The constructor then checks the buildNow flag. If this flag is TRUE, it builds the widget tree. Also, note that the buildWidget() method uses getParentWidget() to obtain the parent widget, which is not necessarily the parent widget passed in to the constructor. (The parent passed in to the constructor could be NULL, or the buildInsideParent parameter could be FALSE.)

Next, the constructor calls the setBaseWidget() method, which letsSoXtComponent know what the root of the widget tree is. This widget is used for layout, and by the show() and hide() methods.

The buildWidget() Method

In Inventor, because we want to allow subclasses to have explicit control over building the widget tree, we implement a separate buildWidget() method. If you are providing only the public constructor, you can simply build the widget in the constructor and do not need to create a separate buildWidget() method. This method, called by the constructor of your new class (or by subclasses of your new class), builds the widget hierarchy and returns its topmost widget.

If your widget supports X resources, be sure to call registerWidget() immediately after you create the topmost container widget and before you build the rest of the widget hierarchy. This method associates the Motif-style widget with the Inventor component to which it belongs. When you create other widgets in the hierarchy, Inventor uses the class name of the component instead of the widget name during resource lookup. For example, the base widget of a render area is a Motif-style bulletin board. Once you have called registerWidget(), you can set the background color resource directly on the render area without affecting other bulletin board widgets in your hierarchy.

To define and retrieve your own resources, see the Open Inventor C++ Reference Manual on SoXtResource . For more information on X resources, see the Xlib Programming Manual by Adrian Nye (O'Reilly & Associates, 1990).

The show() and hide() Methods

The base class SoXtComponent will show and hide your new component automatically. However, if your component needs to show or hide other components, you must implement your own show() and hide() methods. In Inventor, if the material editor and color editor are on the screen and the program tells the material editor to hide itself, the material editor needs to tell the color editor to hide itself as well. Similarly, when a viewer hides itself, it also hides the preference sheet if it is visible.

Visibility-Changed Callback Function

Using addVisibilityChangeCallback(), your new class can register a callback function with SoXtComponent that is called when its visibility changes. A component can be shown, hidden, or iconified; whenever it changes state between visible and invisible (hidden or iconified), the visibility-changed callback function is invoked. This callback is useful, for example, if your component contains a scene with animation. When your component is hidden or iconified, it can stop the animation. Another example of using this callback is the render area, which detaches its redraw sensor when it is hidden or iconified.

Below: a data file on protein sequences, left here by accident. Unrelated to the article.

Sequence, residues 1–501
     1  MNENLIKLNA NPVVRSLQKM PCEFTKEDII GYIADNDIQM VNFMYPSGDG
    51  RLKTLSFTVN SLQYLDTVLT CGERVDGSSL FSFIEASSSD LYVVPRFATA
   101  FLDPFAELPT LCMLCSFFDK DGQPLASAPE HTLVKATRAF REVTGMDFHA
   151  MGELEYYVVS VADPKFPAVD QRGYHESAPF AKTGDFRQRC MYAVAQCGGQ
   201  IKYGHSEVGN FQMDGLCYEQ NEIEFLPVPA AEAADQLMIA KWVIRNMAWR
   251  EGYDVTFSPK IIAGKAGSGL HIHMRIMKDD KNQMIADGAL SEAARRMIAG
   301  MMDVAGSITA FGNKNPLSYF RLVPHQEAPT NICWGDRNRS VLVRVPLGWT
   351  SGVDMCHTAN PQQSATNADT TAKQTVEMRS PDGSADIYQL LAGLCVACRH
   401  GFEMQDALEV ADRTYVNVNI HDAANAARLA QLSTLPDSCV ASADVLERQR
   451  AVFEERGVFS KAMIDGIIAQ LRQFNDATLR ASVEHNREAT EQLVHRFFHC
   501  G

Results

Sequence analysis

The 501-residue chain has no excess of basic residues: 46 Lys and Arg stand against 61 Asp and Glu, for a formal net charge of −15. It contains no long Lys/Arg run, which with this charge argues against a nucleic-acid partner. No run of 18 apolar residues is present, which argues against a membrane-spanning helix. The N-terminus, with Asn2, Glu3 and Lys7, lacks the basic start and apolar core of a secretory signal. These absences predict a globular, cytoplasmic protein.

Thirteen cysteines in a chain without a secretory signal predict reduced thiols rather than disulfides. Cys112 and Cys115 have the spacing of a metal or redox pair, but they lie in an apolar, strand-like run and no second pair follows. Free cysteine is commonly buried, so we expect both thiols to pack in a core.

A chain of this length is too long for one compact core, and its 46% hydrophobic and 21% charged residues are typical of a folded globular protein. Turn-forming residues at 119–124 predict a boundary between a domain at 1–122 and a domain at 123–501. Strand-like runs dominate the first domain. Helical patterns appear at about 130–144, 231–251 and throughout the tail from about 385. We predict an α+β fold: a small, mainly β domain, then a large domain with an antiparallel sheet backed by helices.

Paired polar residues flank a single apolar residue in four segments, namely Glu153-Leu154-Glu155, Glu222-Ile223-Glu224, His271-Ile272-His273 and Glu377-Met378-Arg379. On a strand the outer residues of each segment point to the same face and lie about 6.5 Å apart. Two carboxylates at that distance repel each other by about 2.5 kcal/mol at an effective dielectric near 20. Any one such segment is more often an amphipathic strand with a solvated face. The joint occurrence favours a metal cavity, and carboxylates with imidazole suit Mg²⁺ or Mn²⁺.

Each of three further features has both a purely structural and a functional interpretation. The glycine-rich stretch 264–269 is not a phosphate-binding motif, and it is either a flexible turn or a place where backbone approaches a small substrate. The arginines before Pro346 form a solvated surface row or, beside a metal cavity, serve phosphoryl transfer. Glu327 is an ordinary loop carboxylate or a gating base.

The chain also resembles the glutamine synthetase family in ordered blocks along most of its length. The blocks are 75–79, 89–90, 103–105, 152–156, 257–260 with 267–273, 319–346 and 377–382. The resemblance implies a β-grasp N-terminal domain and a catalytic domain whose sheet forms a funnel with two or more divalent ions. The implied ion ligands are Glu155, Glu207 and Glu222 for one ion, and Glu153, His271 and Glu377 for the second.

See Example 10.2, “ SceneTumble.c++ for an illustration of using visibilityChangeCB().

Creating a Simple Component

The following examples show the header file and source code for a simple component derived from SoXtRenderArea . This component animates a camera to rotate the scene. It uses a visibility-changed callback function to stop the tumbling when the component is not visible. A slider at the bottom of the window controls the speed of tumbling.

Example 10.1, “ SceneTumble.h ” shows the include file for the SceneTumble class. Example 10.2, “ SceneTumble.c++ shows the source code for this class.

Example 10.1.  SceneTumble.h

#include <Inventor/Xt/SoXtRenderArea.h>

class SoPerspectiveCamera;
class SoRotation;
class SoSeparator;
class SoTimerSensor;

class SceneTumble : public SoXtRenderArea {

   // Constructor for public consumption
     Widget parent = NULL,
     const char *name = NULL, 
     SbBool buildInsideParent = TRUE);

   virtual void setSceneGraph(SoNode *newScene);
   virtual SoNode *getSceneGraph();

   void setTumbling(SbBool onOff);
   SbBool isTumbling() const;
   // Constructor subclasses can call if they don't want the
   // widget built right away (i.e. the subclass wants to create
   // a container widget first.)
     Widget parent,
     const char *name, 
     SbBool buildInsideParent, 
     SbBool buildNow);

   Widget buildWidget(Widget parent);

   void doTumbleAnimation();

   void setSpeed(int s) { speed = s; }
   int getSpeed() const { return speed; }

   Widget speedSlider;

   SoNode * userScene;
      SoPerspectiveCamera *camera;
   SoRotation *rotx;
   SoRotation *roty;
   SoRotation *rotz;
   SoSeparator *root;
   int speed;
   SoTimerSensor *animationSensor;
   void constructorCommon(SbBool buildNow);
   static void visibilityChangeCB(void *userData,
                                  SbBool visible);
   static void animationSensorCB(void *userData, SoSensor *);
   static void speedCB(Widget, XtPointer, XtPointer);

Example 10.2.  SceneTumble.c++

#include <Xm/Form.h>
#include <Xm/Scale.h>
#include <Inventor/Xt/SoXtResource.h>
#include <Inventor/nodes/SoDirectionalLight.h>
#include <Inventor/nodes/SoPerspectiveCamera.h>
#include <Inventor/nodes/SoRotation.h>
#include <Inventor/nodes/SoSeparator.h>
#include <Inventor/sensors/SoTimerSensor.h>
#include "SceneTumble.h"